Ending VAWG is an urgent national priority
Four years ago, this country suffered the highest number of terrorist fatalities since the 7/7 attacks in 2005. Thirty-six people died in Manchester and London, in attacks carried out by Islamists and a lone right-wing extremist. These events were horrific, and left many families bereaved and grieving. What isn’t so well known – and has received much less attention – is that at least 151 women were killed in the same year by men, many of them current or former partners.
One of these crimes constituted an ‘urgent national priority’ for police forces. The other did not. No prizes for guessing which was which: back in 2017, violence against women did not have the same priority as terrorism, even though it was responsible for many more deaths. Detectives have a dreadful habit of describing murders of women as ‘isolated incidents’ when they are clearly not: so far this year, at least 126 women have been killed by men. The victims include Sarah Everard, who was abducted, raped and murdered by a serving police officer, and Sabina Nessa, who was killed minutes from her own flat in south London.
VAWG to be given the same status as terrorism
Amid a public outcry, the government has finally – finally! – added Violence Against Women and Girls (VAWG) to the strategic policing requirement. The fact that it has taken so long for VAWG to be given the same status as terrorism speaks volumes about a culture where a degree of violence against women is tolerated – normalised, even. Women are at much greater risk from violent boyfriends and bitter ex-husbands than they are from terrorists, but you wouldn’t know that from the way the two crimes have been reported and investigated.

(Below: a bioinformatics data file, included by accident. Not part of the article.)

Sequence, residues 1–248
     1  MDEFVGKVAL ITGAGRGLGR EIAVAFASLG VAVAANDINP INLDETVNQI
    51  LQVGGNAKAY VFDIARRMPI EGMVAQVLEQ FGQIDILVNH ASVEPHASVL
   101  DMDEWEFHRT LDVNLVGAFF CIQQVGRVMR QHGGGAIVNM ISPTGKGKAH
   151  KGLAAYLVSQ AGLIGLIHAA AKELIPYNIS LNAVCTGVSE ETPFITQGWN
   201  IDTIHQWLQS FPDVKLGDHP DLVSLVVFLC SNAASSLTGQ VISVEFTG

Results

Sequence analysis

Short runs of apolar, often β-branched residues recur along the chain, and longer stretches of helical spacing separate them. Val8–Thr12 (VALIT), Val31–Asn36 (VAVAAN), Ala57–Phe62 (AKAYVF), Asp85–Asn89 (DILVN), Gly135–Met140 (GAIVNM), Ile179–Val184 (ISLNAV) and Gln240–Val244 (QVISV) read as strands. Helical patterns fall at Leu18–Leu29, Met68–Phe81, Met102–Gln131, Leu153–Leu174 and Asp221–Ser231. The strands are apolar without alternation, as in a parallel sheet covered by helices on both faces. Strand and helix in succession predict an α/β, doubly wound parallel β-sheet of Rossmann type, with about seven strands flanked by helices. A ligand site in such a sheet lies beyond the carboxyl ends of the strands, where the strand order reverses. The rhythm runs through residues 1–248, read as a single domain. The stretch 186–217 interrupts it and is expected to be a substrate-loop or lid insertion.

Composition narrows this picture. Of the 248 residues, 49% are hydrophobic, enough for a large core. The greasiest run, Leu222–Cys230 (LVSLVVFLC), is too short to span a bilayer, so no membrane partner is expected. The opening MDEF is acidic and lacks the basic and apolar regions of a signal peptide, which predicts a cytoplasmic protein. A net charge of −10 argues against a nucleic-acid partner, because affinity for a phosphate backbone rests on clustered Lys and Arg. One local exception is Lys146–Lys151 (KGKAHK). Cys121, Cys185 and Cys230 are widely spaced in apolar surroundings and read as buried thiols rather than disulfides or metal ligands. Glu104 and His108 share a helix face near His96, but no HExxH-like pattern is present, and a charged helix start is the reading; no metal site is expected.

VAWG survivors treated as suspects
The change in the status of VAWG should mean an increase in the resources allocated to the investigation of serious sexual crimes and domestic violence. It’s desperately needed: women who report rape face endless delays in the criminal justice system, which many survivors find unbearable. But it’s happening at a time when women’s confidence in the police is at rock bottom. One woman after another has come forward to talk about the abuse they’ve suffered at the hands of serving officers, and the failure to investigate such allegations thoroughly. The conviction rate in rape cases has collapsed, an unsurprising outcome when survivors find themselves being treated more like suspects.
We need a public inquiry into institutional misogyny within the police
This problem goes way beyond resources and priorities. It’s summed up by the way in which Sarah Everard’s killer, PC Wayne Couzens, escaped disciplinary action despite being known as ‘ the rapist’ among colleagues – and being reported on more than one occasion for indecent exposure. Forces have completely failed to root out predators in their own ranks, leaving women to report sexual crimes to officers who may have abused women themselves. Of course VAWG should be an urgent national priority, but we need a public inquiry into institutional misogyny within the police.
Joan Smith, author of Misogynies, is an English journalist, novelist, and human rights activist, who is a former chair of the Writers in Prison committee in the English section of International PEN. She has been Chair of the Mayor of London’s Violence Against Women & Girls Board since 2013. Her latest book, Home Grown: How Domestic Violence Turns Men Into Terrorists, has been shortlisted for the Neave Memorial Prize 2020.
Femicide collage in photograph by @amazone_london
Joan Smith took part in this webinar with Pragna Patel (Southall Black Sisters), Karen Ingala Smith and Afsana Lachaux in October 2020.
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